4. Interestingly, this may bring back more ‘loyalty’ to the loyalty programs. I’m a Diamond Medallion on Delta (almost entirely on business-paid trips), and a Premier 1K on United (on a mix of business and low-fare long-hauls). However, there’s no guarantee that I’ll be able to achieve both next year, and I’m not wild about mileage runs in any case. With this move by UA, I’ll be allocating all of my business travel to DL to retain DM status (DL’s product handily beats UA’s, and their people are an order of magnitude more customer-service oriented and friendly), since 11X on short-notice fares means I’m likely to get *more* RDMs under Skymiles ’15 than I do from the same fares this year.

  5. I bet all the mileage runner types are praying that AA doesn’t follow suit.

    But speaking as someone who got 125K EQM in 2010 only because AA ran double EQM promotions month after month, I can’t imagine actually getting 100K EQM 1 mile at a time. Delta and United really are doing the mileage runners a favor by putting them out of business.

    The people that are going to get screwed the hardest are those that have to fly out of a hub dominated by Delta or UA.

    Long term, I’m guessing that UA, AA and Delta will quietly eliminate competition by killing off the smaller carriers like AS, divvying up the hubs between them and minimizing flights at the airports where they don’t dominate. When that process is complete, they’ll jack up airfares and devalue their loyalty programs into complete meaninglessness.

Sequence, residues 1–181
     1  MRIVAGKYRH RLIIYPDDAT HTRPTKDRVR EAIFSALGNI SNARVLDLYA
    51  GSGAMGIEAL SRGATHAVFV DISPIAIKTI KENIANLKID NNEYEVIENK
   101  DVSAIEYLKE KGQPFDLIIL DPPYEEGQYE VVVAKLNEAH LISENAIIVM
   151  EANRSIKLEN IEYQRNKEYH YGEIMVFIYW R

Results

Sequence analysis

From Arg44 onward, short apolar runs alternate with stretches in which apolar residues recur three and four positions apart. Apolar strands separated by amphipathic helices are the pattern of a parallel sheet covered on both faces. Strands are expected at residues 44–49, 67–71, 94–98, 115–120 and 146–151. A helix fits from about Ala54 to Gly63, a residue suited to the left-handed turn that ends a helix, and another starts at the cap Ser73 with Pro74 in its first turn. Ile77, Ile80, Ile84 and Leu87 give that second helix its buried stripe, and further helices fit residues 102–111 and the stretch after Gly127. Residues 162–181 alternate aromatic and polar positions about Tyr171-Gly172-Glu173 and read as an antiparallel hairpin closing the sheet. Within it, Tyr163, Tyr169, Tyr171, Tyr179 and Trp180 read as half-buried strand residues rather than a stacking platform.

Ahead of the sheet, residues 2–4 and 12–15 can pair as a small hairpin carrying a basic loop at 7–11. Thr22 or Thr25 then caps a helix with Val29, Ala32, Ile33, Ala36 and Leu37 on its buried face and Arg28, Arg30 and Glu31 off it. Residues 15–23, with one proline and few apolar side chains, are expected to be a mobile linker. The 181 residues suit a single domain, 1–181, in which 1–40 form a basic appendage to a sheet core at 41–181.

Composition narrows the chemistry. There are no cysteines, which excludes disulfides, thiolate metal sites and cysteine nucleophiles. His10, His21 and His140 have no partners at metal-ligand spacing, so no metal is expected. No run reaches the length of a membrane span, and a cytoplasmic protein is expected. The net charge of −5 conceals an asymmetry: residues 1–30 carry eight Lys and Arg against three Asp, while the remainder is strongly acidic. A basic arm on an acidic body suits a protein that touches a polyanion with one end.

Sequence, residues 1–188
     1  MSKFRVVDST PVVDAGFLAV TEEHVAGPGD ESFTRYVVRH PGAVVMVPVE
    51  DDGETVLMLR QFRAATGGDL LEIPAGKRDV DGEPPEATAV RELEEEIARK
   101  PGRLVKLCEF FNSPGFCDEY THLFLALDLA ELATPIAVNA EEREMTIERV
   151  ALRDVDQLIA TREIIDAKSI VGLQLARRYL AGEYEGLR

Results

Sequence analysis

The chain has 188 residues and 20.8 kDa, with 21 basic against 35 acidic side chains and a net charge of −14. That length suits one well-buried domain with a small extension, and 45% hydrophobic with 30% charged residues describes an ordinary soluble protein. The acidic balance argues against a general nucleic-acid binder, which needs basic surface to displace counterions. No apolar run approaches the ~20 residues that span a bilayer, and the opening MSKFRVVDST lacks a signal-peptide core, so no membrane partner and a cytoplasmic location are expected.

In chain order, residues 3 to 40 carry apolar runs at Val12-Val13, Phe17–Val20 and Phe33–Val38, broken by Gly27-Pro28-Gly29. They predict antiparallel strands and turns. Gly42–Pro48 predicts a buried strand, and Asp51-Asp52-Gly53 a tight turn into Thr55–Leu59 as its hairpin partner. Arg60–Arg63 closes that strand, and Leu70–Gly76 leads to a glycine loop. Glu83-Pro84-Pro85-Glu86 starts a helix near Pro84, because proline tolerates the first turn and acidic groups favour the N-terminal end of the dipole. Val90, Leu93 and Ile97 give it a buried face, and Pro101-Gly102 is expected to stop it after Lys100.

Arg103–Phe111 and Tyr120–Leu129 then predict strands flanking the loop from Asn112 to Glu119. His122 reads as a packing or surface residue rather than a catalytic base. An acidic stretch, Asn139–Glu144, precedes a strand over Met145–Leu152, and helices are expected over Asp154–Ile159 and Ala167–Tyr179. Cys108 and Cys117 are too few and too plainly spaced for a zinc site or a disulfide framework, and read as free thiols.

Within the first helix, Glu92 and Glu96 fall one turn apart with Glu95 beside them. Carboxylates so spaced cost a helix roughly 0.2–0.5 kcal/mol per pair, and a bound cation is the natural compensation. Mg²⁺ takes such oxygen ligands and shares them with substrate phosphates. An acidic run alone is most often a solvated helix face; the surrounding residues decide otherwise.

They won’t get rid of loyalty programs entirely, because they made it possible for them to survive 2008/2009, and it would be cheaper and faster to make their loyalty programs actually rewarding than to start over from scratch.

    It may take foreign airlines with deep pockets entering the US market to reverse those trends.

    1. El Ingeniero: Great insight into potential future moves. I’ll add one more–everyone seems to want to move to revenue based accrual, but very, very few want revenue based spend. Rev. Based spending means every seat on every flight could be paid in “Miles”. Sure it would be dictated by the price in $$$, but it also would mean people would start burning miles up ASAP. There is no “aspirational” award with Southwest–just any seat on any flight. I’d bet there are far fewer people with huge hoards of Southwest miles than there are of mainline programs like AA, DL and UA. They’re carefully walking the line to “reward” elites who buy high price tickets–but don’t want to end up causing a stampede of miles coming off the books.

  6. Here’s a sixth idea for earning those 2,400 miles for a $300 UA flight: credit the miles to another FF program (e.g., SQ Kris Flyer).